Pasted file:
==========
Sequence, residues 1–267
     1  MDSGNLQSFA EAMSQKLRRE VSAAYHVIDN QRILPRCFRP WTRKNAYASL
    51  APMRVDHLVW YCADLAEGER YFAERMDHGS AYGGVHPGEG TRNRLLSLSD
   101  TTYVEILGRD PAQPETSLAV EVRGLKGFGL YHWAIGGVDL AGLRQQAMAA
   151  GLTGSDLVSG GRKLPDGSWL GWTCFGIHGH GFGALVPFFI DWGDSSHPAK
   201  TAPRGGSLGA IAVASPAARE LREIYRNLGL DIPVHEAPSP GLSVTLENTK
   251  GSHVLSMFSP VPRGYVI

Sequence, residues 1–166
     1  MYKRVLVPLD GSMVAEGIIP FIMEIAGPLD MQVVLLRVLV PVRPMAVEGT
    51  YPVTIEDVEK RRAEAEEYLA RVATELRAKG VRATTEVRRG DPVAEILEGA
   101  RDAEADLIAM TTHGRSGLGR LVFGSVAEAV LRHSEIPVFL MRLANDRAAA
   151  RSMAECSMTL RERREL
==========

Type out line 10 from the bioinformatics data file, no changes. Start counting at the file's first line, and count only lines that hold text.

    51  YPVTIEDVEK RRAEAEEYLA RVATELRAKG VRATTEVRRG DPVAEILEGA